I wish I had read these reviews before I made mine today. I had the same exact problem. In fact, how does this recipe even get 4 stars? With two reviews and no one giving it more than 3 stars, that is just wrong. I followed the recipe exactly--used a spring form pan wrapped in foil--and the batter did not seem as thick as the recipe claimed it would. Then after an hour of cooking, I could tell it was still jiggly in the middle. I cooked it an extra 15 minutes beyond the hour it called for, and it had stopped jiggling....but it was still raw in the center. I definitely think there's too much buttermilk in the recipe. It tastes good (the only reason I gave it more than 1 star)--but you can't serve a cake to other people when it collapses in the middle and looks like pancake batter! Pitting 4 cups of cherries is a lot of work for such a disappointing result.
Double-Cherry Upside-Down Cake
daniellekuhl Posted: 06/30/12
Juliebythesea Posted: 06/24/12
I made this cake exactly like the recipe and I am a pretty good baker. I had to cook mine for over an hour and a half too! It tasted really in the end good but something is wrong with the measurements
jerseysnowbird Posted: 06/17/12
I was very disappointed in this recipe. I think there may be a problem with the amount of buttermilk. It seems like 1 cup is a lot of liquid for only 1 1/2 cups of flour. I baked my cake for 1 1/2 hours and it still wasn't done in the middle. I even used a 10 inch spring form pan. It's still baking, I'm anxious to see how it turns out.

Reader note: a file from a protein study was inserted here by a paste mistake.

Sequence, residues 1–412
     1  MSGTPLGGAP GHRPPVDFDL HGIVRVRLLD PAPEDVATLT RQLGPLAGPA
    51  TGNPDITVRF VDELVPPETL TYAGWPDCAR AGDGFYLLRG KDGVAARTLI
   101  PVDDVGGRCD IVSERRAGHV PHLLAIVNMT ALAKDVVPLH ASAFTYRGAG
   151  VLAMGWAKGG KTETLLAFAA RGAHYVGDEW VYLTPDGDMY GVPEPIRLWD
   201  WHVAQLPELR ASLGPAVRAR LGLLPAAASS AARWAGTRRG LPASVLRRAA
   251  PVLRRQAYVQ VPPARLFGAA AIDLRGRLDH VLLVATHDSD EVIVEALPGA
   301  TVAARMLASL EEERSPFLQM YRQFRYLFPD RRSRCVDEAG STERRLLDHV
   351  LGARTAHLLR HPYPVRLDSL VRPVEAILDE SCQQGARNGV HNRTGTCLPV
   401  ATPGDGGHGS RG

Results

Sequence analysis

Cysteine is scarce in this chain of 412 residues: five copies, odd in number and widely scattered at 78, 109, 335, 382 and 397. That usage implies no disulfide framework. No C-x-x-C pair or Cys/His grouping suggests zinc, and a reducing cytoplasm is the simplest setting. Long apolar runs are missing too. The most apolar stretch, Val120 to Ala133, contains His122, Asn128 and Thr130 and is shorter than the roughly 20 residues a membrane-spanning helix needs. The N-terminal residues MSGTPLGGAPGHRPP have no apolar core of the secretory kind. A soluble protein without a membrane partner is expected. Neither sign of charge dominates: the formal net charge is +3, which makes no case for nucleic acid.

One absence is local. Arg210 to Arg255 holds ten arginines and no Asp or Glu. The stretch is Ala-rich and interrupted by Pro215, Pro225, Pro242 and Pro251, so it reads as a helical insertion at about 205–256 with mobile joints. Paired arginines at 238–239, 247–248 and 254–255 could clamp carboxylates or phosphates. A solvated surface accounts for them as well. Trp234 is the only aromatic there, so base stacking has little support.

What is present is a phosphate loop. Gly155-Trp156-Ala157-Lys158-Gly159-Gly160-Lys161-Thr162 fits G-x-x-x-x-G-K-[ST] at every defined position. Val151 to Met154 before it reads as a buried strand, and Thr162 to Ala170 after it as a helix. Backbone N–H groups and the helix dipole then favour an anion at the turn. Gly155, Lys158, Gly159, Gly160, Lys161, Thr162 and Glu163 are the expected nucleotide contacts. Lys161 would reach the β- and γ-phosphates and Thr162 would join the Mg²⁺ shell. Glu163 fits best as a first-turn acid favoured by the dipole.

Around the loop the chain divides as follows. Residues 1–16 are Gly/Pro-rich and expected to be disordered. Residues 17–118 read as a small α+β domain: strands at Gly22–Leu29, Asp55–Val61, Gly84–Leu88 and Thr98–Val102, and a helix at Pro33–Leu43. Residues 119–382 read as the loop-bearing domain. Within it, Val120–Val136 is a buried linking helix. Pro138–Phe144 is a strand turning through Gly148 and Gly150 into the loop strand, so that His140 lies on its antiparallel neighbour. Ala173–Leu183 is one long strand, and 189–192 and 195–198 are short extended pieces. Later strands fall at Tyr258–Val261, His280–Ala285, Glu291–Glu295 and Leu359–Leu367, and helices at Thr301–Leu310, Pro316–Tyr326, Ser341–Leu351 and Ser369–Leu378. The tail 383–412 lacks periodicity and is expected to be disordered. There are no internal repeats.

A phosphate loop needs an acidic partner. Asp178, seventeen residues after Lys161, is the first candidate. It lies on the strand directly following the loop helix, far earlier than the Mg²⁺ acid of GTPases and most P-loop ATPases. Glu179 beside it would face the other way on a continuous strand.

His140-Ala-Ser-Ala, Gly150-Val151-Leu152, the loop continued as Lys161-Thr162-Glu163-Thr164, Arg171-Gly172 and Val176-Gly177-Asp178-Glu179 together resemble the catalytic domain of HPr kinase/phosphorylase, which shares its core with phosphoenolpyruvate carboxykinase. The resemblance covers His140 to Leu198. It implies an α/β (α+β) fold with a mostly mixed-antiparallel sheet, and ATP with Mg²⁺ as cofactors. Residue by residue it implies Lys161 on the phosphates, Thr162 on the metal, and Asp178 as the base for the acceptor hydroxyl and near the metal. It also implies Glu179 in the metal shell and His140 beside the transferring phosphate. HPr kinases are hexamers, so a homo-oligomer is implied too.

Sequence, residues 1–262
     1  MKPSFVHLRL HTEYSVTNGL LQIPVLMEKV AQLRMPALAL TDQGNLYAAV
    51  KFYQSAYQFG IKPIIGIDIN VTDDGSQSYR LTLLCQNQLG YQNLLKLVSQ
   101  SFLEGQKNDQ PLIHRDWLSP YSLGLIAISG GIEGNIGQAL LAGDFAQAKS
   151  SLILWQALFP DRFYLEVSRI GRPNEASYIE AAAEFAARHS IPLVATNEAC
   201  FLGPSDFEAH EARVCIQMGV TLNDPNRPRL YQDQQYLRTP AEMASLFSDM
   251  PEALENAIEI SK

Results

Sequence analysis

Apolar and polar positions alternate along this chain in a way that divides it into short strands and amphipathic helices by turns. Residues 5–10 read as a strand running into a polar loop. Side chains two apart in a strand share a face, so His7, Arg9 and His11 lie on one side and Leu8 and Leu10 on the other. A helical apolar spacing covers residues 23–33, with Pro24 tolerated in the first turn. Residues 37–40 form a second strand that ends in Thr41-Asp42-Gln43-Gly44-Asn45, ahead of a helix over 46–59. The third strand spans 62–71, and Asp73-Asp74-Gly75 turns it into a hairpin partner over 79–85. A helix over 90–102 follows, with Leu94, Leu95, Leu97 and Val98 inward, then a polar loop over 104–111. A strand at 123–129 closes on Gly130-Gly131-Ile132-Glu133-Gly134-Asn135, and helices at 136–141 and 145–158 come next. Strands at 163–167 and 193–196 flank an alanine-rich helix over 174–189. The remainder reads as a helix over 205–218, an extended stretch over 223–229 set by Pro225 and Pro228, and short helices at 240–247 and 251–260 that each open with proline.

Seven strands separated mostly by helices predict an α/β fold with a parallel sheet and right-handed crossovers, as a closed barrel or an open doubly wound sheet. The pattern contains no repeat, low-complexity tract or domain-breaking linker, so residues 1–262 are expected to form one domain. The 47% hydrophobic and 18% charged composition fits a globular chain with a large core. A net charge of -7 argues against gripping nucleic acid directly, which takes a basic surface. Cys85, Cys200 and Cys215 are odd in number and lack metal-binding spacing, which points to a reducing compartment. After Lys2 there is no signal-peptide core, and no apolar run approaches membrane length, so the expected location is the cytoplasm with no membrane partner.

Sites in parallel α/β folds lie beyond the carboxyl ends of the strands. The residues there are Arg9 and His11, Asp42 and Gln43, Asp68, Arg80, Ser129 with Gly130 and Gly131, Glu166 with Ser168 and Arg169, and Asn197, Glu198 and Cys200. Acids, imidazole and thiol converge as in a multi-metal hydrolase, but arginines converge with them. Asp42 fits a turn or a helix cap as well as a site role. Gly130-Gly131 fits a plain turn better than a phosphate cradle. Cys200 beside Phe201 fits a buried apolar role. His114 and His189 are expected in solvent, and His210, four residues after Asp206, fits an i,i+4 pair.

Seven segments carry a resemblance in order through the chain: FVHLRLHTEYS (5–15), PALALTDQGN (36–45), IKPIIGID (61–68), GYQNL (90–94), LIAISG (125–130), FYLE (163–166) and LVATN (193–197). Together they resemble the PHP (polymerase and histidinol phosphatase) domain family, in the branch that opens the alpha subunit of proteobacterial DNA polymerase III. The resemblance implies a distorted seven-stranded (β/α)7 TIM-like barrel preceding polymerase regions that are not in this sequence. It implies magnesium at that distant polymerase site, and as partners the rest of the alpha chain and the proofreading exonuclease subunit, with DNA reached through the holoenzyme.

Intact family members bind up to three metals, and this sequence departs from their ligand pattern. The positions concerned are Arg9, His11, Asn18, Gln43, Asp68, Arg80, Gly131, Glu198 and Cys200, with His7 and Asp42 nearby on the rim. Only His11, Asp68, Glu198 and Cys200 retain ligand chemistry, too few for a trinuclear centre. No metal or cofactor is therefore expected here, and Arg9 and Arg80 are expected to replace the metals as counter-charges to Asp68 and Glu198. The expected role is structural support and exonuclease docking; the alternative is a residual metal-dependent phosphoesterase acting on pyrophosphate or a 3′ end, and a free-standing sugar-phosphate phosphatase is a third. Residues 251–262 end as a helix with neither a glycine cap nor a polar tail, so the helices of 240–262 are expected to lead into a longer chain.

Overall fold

konawajim Posted: 07/21/12
After reading the reviews I added a 1/2 cup of extra flour. I looked up an old favorite of mine for Pineapple upside down cake and it called for 2 cups of flour. Also the temp for cooking was 375 for 30 minutes then reduce temp to 350 for 30 minutes. Turned out Great !!
kallen18 Posted: 07/11/12
I read the previous reviews and pursued with the recipe, using a 9" spring form pan. The batter was spreadable and thick by the time it went into the pan. I think beating the butter/sugar/oil for a few minutes really helps thicken it, and beating each egg adequately as well. All was going well through the baking process. It never spilled over. It rose evenly and achieved a beautiful golden top. After the 2nd half of baking was done (went for 25 minutes during the 325° phase), the toothpick was inserted, and came out clean. Nothing clung. After cooling for 10 minutes I inverted the cake out onto the rack and within a minute of doing so, the middle of the cake sunk through the spaces in my cooling rack! It was, as a previous person described, like pancake batter. I was so disheartened! I should have baked it longer... The outside of the cake was done but the middle was frustratingly under cooked. I'd definitely try it again if cherries went down in $$. I think the recipe has potential.